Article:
From the Mind of an Educator: Producing Potency

Here we tread down slippery ground, one of the most difficult aspects of management to juggle, particularly in retail. We must get to know our employees on a personal level without befriending them.  But we must understand who they are to inspire them and to motivate them.  We must know what they need us to communicate to them.  One of the most eye opening articles I read in college was from the wise words of WSU professor Richard Sagor, A Lesson From Skateboarders.  As individuals we have innate desires within us:

Potency-  Employees are adults and need to feel empowered over their destiny, for some this empowerment will come easier than for others.  My largest pet-peeve as a manager was excuses and the pointing of fingers.  Sometimes when I would present an employee with their sales stats and explain they are were falling short of standards I would be met with excuses such as there are no customers when I work, the mall is dead, no one has money, etc.  If my assistant, Michelle, heard such excuses she would quickly pull them aside and say, “Jess would rather you be just upfront with her than make an excuse, you would just be better off.”  Michelle knew the true translation of “no one has money”, was really saying “I’m not willing to put forth the effort to reach out to customers” to my ears.

Instead of frustration over time I found redirection.  These easily discouraged employees were typically suffering from a trail of jobs that never provided decent training, or were constantly punished by their bosses for ignorance.  I decided to redirect their focus, to stomp out the excuses by showing through a simple math equation how they could raise their earnings by 25% with the same amount of customers in the store through the simple adding on of smaller items to every four customers.  A struggling employee who I saw a load of potential in was the poster child for this example.  He had an amazingly magnetic personality that was pure and genuine, but his lack of training to his particular learning type made it so that he never seemed to excel like he should.  When this particular equation was completed I opened the floor to questions and Chris finally reached out, raising his hand high over his head.  “But I don’t know what to say. Just tell me what to say.”  That night I didn’t sleep, hearing Chris’s words echoing in my head, that next day I worked from 8 a.m. to 4 p.m. on my word processor and wrote three possible opening and closing lines for each staple item in our store.  I printed a copy of the 13 page book for each of my employees.  All the sudden my register-flowers became budding conversationalists on the floor.  The statistics dramatically shot up for Chris, he had finally found a way around the excuses.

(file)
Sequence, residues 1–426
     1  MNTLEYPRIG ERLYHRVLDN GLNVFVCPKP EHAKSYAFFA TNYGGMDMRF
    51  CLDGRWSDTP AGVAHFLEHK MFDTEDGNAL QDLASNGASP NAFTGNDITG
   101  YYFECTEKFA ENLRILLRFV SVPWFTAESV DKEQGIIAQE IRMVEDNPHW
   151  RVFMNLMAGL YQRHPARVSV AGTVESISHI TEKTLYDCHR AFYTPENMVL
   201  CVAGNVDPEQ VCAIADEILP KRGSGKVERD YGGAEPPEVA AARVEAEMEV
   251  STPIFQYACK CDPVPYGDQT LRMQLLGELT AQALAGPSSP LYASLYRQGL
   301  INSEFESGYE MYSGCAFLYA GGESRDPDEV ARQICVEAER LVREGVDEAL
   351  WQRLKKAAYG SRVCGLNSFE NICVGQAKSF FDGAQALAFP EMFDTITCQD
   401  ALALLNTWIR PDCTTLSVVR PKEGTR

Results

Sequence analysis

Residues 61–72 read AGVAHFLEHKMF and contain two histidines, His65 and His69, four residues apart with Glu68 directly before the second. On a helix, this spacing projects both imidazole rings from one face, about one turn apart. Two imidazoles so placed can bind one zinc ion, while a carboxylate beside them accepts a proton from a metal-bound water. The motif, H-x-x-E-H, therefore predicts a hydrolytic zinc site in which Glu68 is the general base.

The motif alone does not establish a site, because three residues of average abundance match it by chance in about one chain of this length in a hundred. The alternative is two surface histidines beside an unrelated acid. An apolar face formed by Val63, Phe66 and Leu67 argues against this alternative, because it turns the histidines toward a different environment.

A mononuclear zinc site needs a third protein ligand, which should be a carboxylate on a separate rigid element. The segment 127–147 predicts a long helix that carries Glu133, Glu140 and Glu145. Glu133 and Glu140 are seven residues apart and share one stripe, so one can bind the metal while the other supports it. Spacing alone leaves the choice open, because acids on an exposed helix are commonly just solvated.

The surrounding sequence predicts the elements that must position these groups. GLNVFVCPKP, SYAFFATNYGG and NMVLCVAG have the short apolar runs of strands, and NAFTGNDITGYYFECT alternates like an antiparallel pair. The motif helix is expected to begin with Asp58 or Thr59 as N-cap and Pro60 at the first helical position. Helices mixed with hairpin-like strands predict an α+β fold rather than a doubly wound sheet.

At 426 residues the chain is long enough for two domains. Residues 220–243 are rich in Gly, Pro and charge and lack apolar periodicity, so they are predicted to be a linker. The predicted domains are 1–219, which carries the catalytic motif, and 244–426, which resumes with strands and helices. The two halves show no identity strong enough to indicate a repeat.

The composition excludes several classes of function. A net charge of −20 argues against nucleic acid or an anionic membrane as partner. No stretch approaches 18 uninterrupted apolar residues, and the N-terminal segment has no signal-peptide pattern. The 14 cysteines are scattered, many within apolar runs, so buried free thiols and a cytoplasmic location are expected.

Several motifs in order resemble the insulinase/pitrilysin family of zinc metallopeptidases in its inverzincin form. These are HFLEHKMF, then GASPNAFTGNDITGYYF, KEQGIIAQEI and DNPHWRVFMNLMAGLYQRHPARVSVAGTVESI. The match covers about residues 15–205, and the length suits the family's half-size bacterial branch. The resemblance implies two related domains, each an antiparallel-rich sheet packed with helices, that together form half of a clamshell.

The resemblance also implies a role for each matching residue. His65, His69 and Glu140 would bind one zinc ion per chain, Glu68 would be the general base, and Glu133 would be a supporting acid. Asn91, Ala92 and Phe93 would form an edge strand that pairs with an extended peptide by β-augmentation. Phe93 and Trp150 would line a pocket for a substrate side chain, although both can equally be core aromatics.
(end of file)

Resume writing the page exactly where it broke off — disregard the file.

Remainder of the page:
Where does your communication lack with the excuse makers?  Where is the roadblock of understanding between what you need from them and what they are needing from you.

Ways to produce potency:

  • Try new methods to measure employee progress and growth
  • Have one on ones where you focus on specific struggles and ask the employee what you can do to help.  At what point are they choking?
  • Constant positive and constructive feedback on employee performance
  • Find a strength your employee has and use that as a building block to regain their baby steps on the track to success
  • Be receptive to questions, take each concern or question of an employee, never laugh off their thoughts or worries.
  • Shadow an employee for an entire shift; start the employee on a series of baby step successes with customers, “Say hi to that customer.” “Great job, now go and ask that customer how they are doing.”  “Now let that customer know earrings are buy 2 get 1 free.”  Offer constructive feedback they can build off of after each interaction.

How do you reach out to those who are burned out and overwhelmed from a constant string of failures?  How do you alter their perspective?  If you don’t yet, what’s your game plan to help your excuse making, unmotivated employees become potent?

Image Courtesy of:  Jonund

8 thoughts on “From the Mind of an Educator: Producing Potency

  1. I find this article to be very interesting. Although your emphasis is retail, this is good advice for many other parts of the business world. I think managers in general would benefit from this post. I no longer manage people in my job because I got promoted to another position in my organization but this is very good information.

    Liked by 1 person

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